I am good at learning definitions. I enjoy words. I have written English papers that hinged on the analysis of an Oxford English Dictionary entry. I was in the Scripps Howard National Spelling Bee when I was 14, preparing for which involved, among other things, reading the dictionary. At the Bee, I listened to hundreds of words, defined by the pronouncers, imbuing arcane and unusual arrangements of letters with some equally arcane meanings. I loved it. So yes, I am good with definitions.
Some ubiquitous words, like sketchy and awkward, mean a lot but say little. The standard definitions don’t encompass their vague yet sweeping space in the cultural lexicon. And I have read enough dissections of hook-up culture to know that some definitions — especially of what constitutes dating or hooking up — have broken down even further. One of my closest friends had sex with the same guy for almost a year, but they were never officially “together,” so when she called it quits, she couldn’t even call him her ex. After all, he had never been her boyfriend.
Somehow, the absence of words to describe what had happened between them made the break harder — if not for her, then for us, her friends. How do you comfort a woman who has ended a relationship with someone who was more than a friend but less than a boyfriend? The platitudes are the same, but the situation to which they are applied is amorphous, slippery, hard to analyze and categorize.
A boyfriend by any other name is not, apparently, a boyfriend, but it’s unclear to me when and how exactly we lost the surety of our definitions. Or for that matter, whether we had any in the first place. Aside from prenuptial agreements and arranged marriages, there seems to be nothing less certain than relationships.
In our parents’ and grandparents’ generations, they had many words to describe the same sorts of things: going steady, dating, courting, going together, seeing each other, main squeeze, best girl, lover, significant other. Hooking up dominates our current language for love, but it’s just a different way of describing something people have been doing forever.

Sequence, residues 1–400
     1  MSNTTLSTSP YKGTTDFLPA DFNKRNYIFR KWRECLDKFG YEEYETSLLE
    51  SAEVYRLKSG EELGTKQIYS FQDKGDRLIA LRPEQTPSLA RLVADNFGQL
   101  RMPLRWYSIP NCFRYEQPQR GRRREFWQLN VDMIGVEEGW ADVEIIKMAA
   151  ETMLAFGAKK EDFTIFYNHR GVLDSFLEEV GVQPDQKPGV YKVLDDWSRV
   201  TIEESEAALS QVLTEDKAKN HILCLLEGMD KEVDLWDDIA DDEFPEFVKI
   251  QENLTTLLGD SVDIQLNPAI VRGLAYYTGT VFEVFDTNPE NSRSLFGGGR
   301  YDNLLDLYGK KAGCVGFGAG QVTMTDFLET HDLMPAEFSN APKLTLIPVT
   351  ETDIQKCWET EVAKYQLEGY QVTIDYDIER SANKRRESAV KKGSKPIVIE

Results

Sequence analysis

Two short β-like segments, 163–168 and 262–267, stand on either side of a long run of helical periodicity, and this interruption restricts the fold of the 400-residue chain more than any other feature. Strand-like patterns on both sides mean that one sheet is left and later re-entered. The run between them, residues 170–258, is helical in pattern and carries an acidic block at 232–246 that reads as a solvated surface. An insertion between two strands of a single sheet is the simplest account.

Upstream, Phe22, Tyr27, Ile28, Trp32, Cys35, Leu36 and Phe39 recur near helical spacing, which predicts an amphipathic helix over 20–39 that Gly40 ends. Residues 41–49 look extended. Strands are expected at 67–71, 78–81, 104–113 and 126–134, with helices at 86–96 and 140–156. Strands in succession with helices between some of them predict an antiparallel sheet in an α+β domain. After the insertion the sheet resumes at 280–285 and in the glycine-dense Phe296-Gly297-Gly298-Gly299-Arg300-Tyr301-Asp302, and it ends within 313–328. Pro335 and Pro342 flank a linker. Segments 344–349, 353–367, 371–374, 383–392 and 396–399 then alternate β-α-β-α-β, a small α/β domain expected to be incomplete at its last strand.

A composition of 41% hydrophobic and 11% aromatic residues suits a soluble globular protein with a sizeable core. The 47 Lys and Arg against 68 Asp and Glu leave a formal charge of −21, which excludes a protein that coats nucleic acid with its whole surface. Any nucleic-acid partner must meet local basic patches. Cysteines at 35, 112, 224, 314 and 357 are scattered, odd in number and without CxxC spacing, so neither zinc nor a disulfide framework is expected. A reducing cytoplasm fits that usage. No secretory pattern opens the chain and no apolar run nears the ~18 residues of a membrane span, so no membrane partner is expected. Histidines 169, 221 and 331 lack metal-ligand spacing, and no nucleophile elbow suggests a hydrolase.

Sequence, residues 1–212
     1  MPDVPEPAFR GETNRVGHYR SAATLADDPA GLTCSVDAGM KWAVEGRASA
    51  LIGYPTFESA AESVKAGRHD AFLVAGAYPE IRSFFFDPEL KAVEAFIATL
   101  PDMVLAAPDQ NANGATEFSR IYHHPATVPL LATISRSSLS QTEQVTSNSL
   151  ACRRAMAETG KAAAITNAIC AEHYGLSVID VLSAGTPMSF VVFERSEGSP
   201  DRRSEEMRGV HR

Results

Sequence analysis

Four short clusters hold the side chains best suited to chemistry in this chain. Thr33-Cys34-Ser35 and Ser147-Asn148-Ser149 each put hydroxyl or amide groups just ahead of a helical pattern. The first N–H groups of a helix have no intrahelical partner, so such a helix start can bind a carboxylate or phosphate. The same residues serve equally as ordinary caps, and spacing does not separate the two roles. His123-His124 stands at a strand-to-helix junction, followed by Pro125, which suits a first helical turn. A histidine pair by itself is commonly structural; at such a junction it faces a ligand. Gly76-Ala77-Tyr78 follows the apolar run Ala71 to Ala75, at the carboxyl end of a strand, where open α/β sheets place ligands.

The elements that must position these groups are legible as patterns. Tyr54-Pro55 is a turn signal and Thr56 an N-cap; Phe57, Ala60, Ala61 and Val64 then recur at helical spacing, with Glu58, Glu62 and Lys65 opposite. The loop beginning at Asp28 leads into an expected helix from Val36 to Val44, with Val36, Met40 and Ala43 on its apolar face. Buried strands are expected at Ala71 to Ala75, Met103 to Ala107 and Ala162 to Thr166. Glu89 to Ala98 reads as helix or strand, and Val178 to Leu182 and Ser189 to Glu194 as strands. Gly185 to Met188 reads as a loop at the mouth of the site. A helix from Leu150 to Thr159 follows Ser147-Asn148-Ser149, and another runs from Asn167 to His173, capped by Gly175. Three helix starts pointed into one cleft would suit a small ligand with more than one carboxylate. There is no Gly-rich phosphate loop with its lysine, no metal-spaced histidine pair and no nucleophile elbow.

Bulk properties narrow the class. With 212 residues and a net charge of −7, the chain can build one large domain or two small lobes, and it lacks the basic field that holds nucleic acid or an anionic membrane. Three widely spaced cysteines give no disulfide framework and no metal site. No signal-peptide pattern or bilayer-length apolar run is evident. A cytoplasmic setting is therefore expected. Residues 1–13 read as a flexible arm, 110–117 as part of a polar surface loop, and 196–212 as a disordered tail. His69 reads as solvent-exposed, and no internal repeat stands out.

Obviously, defining our relationships means something to us, if we dwell on it. We do genuinely want to know if we can call someone a boyfriend rather than “that guy in Berkeley I’ve been hooking up with and have a crush on.” It’s shorter at any rate.
Many, however, don’t ask for definitions. Alice contends that women don’t ask because they never learned how. But maybe we don’t ask because we’re afraid of the answer. Maybe it’s not worth ruining an amorphous relationship with “that guy in Berkeley” by trying to define it.
There is a part of recognizing someone else as an independent person worthy of admiration, interest or even love that makes him or her impossible to possess or completely understand. And relationships, like people, are impossible to truly define, something that dismays word nerds like me. Even if we completely understand what boyfriend means — a man who will respect you, laugh with you, sleep with you on a regular and committed basis? — there will always be uncertainty built into the relationship. It is, annoyingly, a fault of human nature.
My latest boyfriend and I agonized over whether we were actually “together” for about a month, a topic that was the subject of repeated frustrating (often drunken) discussions. Reasons for and against were presented and debated. When we finally decided we could be official — though not Facebook-official — we also discovered that it didn’t matter that much. We were the same old people, newly labeled but not defined.
Even if no dramatic shift occurs with definition, it gives your relationship a language. And having the right words gives rise to emotional self-preservation. If your boyfriend sleeps with someone else, you know what to call it: cheating. It’s an ugly word, but an accurate one. If someone you have been sleeping with on a regular basis does the same thing, he has at least one way to exonerate himself and evade responsibility: “We were never together anyway.” With the right words comes the ability to understand, to recover or to fight back.
Elisa Gonzalez is a junior in Pierson College.